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Keywords:

  • rituximab;
  • immune thrombocytopenic purpura;
  • neutropenia;
  • gammaglobulins;
  • autoimmunity

Summary

  1. Top of page
  2. Summary
  3. Patients and methods
  4. Eligibility criteria
  5. Treatment
  6. Response criteria
  7. Laboratory studies
  8. Statistical analysis
  9. Results
  10. Non-splenectomized patients
  11. Splenectomized patients
  12. Patterns of response in CR patients
  13. Duration of response
  14. Factors associated with response to rituximab
  15. Infusion reactions
  16. Peripheral blood B-cell depletion and recovery
  17. Immunoglobulin levels
  18. Neutrophil counts
  19. Infections
  20. Discussion
  21. Acknowledgments
  22. References

Because of its B-cell depleting effect, rituximab has entered clinical trials in several autoimmune conditions. This study assesses the efficacy and safety of rituximab in 57 adults with chronic immune thrombocytopenic purpura (ITP). All patients had platelet counts <30 × 109/l, all had received two or more previous ITP treatments and 31 had undergone splenectomy. Patients received rituximab 375 mg/m2 weekly for 4 weeks. Thirty-one patients (54%) responded, achieving a platelet count >50 × 109/l: 18 achieved a complete response (CR: platelet count >150 × 109/l) and 13 a partial response (PR: platelet count 50–150 × 109/l). Twenty-nine responses occurred within 8 weeks of the first infusion. Sixteen of 18 CR patients (28% overall), including eight who had failed splenectomy, continued in CR after a median of 72·5 weeks; 15 of 16 are >1 year from the first infusion. Only two of 13 maintained a PR. Thirty-three patients experienced grade 1–2 adverse events and one a grade 3 event, but they all completed treatment. Circulating B cells fell to <0·03 × 109/l. No changes in immunoglobulin levels or infectious complications were seen. In summary, rituximab was well tolerated with no immediate complications and induced a lasting, substantial response in 32% of adults with chronic ITP.

Rituximab is an anti-CD20, chimaeric monoclonal antibody, extensively used in the treatment of B-cell lymphomas (Maloney et al, 1997; Czuczman et al, 1999; Coiffier et al, 2002; Pettengell & Linch, 2003). CD20 is a transmembrane protein present on the surface of essentially all B cells but not on mature plasma cells. Studies of lymphoma patients have shown that administration of rituximab at a dose of 375 mg/m2 weekly for 4 weeks causes a marked reduction of not only malignant B cells but also non-malignant B cells in the peripheral blood (>99%), bone marrow (>90%) and lymph nodes (>80%) (Reff et al, 1994; Zaja et al, 2002). Because of its depleting effect on peripheral B cells, it is being explored in a number of autoantibody-mediated diseases such as systemic lupus erythematosus (Leandro et al, 2002a), rheumatoid arthritis (Leandro et al, 2002b), autoimmune haemolytic anaemia (Zecca et al, 2003), cryoglobulin disease (Zaja et al, 2003a), acquired factor VIII antibodies (Wiestner et al, 2002), IgM polyneuropathies (Pestronk et al, 2003), glomerulonephropathies (Remuzzi et al, 2002) as well as immune thrombocytopenic purpura (ITP) (Stasi et al, 2001, 2002; Giagounidis et al, 2002; Wang et al, 2003; Zaja et al, 2003b).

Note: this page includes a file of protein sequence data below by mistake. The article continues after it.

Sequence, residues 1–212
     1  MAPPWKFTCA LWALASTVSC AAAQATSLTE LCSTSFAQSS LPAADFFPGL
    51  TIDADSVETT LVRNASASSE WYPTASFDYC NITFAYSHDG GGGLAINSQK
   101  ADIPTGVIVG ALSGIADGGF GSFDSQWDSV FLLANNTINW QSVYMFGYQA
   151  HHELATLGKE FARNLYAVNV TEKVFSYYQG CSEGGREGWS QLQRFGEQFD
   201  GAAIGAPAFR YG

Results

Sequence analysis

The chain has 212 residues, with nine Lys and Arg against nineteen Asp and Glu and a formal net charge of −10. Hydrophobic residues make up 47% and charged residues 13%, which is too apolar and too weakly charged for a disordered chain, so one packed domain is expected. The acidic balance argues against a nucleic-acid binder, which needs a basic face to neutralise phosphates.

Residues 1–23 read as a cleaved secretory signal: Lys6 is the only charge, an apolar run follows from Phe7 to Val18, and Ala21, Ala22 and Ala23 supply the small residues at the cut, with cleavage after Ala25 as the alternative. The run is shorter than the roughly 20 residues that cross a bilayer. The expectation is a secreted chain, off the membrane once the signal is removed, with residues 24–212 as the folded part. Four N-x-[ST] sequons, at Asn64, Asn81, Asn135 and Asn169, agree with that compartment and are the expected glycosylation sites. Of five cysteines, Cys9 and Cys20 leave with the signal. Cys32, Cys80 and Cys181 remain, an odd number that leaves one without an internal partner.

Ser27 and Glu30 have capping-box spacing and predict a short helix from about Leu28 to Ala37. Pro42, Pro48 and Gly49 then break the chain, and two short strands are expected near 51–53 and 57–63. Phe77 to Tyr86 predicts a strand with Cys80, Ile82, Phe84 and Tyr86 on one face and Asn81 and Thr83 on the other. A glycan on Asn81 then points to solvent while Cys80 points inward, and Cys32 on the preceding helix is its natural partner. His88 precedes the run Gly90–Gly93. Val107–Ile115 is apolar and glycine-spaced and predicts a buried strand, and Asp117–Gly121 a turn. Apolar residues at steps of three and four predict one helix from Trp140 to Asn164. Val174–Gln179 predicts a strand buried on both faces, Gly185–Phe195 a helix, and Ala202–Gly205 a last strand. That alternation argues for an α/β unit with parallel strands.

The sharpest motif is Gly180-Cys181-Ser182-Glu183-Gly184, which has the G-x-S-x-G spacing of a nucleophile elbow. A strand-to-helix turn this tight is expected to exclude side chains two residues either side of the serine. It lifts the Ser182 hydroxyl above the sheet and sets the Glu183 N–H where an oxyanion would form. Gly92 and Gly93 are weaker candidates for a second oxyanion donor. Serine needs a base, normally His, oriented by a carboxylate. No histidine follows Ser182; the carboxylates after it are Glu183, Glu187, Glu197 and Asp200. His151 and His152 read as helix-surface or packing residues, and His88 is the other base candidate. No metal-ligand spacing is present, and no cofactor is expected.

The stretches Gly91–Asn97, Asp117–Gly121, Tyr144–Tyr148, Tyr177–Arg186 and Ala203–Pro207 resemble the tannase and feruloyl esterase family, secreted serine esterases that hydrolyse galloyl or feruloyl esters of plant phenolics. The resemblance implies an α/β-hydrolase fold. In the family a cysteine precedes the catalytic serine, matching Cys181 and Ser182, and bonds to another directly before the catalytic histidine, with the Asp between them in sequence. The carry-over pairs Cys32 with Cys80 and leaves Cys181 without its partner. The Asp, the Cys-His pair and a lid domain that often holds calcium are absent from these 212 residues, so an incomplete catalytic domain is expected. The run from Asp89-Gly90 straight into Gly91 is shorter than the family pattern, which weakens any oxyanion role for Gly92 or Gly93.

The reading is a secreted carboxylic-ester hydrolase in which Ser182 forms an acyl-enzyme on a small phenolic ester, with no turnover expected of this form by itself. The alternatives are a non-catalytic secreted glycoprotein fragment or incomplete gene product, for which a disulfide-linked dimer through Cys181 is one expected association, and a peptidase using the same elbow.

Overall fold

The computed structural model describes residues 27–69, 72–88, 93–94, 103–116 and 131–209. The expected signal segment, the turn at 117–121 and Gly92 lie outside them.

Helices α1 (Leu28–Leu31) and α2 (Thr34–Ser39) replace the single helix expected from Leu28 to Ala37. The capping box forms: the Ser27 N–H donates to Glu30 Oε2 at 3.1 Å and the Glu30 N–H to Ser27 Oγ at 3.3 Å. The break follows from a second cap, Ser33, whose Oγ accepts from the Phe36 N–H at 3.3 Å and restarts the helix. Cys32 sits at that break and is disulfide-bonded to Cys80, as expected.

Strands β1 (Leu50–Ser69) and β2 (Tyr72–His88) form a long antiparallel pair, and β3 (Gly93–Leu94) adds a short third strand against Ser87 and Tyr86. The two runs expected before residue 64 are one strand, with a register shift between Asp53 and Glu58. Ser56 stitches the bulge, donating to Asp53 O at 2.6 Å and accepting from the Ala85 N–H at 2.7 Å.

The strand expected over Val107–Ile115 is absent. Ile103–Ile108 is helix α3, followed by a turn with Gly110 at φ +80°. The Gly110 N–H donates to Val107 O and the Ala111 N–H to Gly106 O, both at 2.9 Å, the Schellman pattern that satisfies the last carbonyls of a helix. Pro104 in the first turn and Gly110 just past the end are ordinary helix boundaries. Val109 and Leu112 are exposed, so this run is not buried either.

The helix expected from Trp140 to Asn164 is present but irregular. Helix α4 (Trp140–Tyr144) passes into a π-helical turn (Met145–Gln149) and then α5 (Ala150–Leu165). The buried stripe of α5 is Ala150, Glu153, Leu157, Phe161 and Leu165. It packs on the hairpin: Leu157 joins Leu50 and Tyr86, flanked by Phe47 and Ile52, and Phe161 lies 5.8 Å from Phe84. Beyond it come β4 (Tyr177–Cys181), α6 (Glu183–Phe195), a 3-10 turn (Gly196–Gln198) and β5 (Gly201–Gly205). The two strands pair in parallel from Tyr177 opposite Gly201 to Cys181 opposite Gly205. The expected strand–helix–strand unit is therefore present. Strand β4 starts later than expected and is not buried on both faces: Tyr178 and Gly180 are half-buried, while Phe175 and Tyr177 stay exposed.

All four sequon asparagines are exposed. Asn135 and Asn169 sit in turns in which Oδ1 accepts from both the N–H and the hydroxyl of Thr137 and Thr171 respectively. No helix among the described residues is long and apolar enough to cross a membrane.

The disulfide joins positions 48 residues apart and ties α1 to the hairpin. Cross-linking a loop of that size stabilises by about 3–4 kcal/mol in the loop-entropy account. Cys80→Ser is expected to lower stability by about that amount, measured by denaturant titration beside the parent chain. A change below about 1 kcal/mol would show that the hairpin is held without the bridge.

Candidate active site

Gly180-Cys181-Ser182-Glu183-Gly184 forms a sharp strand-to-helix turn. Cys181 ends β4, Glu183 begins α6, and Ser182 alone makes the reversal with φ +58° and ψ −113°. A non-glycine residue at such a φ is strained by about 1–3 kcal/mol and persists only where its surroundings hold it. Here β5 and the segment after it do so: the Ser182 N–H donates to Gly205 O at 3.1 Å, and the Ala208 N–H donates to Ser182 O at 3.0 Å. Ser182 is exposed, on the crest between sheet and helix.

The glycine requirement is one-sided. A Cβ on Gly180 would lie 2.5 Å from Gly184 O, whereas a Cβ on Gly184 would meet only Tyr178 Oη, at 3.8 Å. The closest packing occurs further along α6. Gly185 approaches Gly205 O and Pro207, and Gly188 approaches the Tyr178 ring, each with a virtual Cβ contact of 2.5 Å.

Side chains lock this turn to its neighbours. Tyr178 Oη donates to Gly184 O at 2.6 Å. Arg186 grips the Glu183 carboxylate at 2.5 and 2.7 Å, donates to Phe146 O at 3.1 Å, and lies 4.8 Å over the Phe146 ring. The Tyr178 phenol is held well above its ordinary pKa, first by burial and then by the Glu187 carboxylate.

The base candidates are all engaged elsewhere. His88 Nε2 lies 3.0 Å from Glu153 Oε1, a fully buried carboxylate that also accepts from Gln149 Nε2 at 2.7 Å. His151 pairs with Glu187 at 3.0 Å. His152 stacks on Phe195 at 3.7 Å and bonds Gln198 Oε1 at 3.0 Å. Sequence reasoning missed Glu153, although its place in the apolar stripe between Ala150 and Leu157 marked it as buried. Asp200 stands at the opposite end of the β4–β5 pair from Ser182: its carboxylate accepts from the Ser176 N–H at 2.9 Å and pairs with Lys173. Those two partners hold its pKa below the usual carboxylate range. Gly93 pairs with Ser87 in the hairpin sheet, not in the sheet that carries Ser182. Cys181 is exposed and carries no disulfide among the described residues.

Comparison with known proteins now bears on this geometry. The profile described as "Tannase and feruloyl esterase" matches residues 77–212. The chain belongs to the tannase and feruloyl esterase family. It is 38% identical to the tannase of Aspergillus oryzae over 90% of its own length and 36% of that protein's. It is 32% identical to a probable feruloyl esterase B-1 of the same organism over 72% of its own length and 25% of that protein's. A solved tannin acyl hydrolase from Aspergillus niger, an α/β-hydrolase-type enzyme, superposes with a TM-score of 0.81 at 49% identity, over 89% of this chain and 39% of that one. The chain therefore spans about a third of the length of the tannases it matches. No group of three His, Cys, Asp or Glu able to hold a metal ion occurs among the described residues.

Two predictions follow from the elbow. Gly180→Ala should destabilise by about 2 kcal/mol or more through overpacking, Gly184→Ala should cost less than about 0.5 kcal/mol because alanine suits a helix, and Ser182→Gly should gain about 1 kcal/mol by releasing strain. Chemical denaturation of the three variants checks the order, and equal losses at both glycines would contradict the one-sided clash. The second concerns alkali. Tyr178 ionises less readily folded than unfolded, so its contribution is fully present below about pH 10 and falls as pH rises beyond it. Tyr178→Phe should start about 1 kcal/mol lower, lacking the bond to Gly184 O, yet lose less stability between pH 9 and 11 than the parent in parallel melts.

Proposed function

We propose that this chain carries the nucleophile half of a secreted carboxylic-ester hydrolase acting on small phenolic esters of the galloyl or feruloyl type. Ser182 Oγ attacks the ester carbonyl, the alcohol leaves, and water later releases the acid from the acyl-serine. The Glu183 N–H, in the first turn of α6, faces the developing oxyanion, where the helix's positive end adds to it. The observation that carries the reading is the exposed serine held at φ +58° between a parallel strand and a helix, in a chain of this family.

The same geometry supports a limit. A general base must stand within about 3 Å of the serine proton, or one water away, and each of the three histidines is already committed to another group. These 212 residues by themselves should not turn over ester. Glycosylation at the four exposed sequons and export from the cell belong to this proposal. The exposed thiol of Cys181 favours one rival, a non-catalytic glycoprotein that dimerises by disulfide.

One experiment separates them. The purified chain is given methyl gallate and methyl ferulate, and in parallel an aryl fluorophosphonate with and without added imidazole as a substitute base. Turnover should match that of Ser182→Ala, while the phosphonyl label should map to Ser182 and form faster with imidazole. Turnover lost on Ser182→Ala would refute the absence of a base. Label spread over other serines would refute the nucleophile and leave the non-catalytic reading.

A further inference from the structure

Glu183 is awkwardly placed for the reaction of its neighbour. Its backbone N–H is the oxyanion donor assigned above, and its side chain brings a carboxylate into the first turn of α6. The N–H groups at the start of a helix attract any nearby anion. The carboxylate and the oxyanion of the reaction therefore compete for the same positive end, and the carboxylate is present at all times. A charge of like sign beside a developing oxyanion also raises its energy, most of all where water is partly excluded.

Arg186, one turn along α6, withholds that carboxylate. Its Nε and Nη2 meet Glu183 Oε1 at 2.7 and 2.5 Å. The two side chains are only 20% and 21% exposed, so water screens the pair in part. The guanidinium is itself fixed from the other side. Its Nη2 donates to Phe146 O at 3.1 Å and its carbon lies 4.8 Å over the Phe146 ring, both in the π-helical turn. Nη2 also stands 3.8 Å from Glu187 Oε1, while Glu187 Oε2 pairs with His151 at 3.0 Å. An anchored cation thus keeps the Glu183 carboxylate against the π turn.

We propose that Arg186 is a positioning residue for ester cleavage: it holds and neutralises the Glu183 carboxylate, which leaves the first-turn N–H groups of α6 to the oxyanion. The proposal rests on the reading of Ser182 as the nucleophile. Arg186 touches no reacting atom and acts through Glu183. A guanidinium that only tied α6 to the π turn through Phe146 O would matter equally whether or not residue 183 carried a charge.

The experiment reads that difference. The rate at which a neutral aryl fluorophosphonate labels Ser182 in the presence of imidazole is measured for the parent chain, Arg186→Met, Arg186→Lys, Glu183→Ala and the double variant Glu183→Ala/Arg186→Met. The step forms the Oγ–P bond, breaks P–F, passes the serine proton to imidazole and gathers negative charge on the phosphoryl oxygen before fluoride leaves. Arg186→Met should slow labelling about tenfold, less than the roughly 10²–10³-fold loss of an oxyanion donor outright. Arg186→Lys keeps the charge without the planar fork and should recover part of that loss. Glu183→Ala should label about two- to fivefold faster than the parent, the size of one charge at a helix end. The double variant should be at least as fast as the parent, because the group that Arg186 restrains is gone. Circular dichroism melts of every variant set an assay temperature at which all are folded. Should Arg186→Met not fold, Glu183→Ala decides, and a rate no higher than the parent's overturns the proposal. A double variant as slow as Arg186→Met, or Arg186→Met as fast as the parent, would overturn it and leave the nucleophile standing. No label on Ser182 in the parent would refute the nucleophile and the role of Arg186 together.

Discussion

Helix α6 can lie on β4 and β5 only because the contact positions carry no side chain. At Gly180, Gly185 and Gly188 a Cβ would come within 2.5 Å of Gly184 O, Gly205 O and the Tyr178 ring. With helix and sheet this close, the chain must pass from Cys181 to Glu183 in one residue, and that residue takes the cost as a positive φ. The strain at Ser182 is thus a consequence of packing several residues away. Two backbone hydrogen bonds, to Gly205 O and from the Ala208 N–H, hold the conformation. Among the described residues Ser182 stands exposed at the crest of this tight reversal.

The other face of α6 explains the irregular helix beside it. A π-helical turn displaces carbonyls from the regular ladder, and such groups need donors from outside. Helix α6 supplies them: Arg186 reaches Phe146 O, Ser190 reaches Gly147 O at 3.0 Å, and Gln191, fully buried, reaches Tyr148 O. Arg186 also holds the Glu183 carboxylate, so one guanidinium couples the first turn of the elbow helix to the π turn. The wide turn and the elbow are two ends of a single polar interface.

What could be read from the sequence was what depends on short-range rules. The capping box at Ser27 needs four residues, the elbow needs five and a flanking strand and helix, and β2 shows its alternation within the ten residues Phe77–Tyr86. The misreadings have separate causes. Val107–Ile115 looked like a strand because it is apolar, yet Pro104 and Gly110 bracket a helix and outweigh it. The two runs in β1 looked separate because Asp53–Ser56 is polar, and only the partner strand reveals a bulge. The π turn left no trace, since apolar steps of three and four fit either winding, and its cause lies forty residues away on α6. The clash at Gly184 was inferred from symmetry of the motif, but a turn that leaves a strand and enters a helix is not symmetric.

Immune thrombocytopenic purpura is a model autoantibody-mediated disease in which the platelet count is readily available to document the state of the disease. Previous studies of the use of rituximab in ITP have reported small numbers of patients with limited follow-up (maximum 480 d). The study reported here combines the data from 32 patients in two preliminary reports with two further patients treated in Italy and 23 treated in the USA (Stasi et al, 2001, 2002). A critical component in this report is the substantially longer follow-up involving the previously published patients. By combining these two identical studies and including the longer follow-up available in the Italian patients, this study provides a more comprehensive analysis of the response to rituximab, including the timing and duration of the response to treatment. It also analyses factors affecting the response including the surprising lack of effect of splenectomy.

The large group of patients reported here also enabled a comprehensive assessment of the safety of this therapy in patients with non-malignant conditions. It includes the neutrophil counts and immunoglobulin levels following rituximab therapy and evaluates the infectious risk of B-cell depletion in this population of patients. Given the recent reports of prolonged neutropenia, hypogammaglobulinaemia and serious and unexpected viral infections when this therapy is used in combination with chemotherapy and bone marrow transplantation (Goldberg et al, 2002; Matteucci et al, 2002; Chaiwatanatorn et al, 2003; Quartier et al, 2003; Sirvent-Von Bueltzingsloewen et al, 2003; Voog et al, 2003), this data provide important information for clinicians considering the use of rituximab in patients with non-malignant conditions.

Patients and methods

  1. Top of page
  2. Summary